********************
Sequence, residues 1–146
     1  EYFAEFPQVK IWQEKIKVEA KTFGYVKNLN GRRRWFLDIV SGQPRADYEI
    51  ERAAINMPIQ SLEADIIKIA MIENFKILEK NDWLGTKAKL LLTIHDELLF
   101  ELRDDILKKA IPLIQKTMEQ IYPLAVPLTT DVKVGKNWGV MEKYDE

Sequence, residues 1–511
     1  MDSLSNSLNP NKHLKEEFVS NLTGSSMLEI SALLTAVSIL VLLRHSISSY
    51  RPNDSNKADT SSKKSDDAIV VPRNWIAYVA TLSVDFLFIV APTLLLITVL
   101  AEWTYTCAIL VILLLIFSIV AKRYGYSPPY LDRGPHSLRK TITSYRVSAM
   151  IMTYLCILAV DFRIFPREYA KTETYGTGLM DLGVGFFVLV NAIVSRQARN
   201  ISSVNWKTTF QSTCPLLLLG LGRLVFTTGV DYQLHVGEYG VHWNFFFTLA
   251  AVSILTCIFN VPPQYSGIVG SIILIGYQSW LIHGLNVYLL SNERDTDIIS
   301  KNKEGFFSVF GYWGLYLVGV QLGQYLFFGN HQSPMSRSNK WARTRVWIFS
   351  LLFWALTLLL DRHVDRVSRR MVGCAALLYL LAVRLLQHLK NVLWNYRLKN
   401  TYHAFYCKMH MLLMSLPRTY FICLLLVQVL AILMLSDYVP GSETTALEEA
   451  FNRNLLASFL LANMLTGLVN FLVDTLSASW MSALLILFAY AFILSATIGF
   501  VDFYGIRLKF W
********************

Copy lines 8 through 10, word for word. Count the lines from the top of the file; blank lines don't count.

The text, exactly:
   101  AEWTYTCAIL VILLLIFSIV AKRYGYSPPY LDRGPHSLRK TITSYRVSAM
   151  IMTYLCILAV DFRIFPREYA KTETYGTGLM DLGVGFFVLV NAIVSRQARN
   201  ISSVNWKTTF QSTCPLLLLG LGRLVFTTGV DYQLHVGEYG VHWNFFFTLA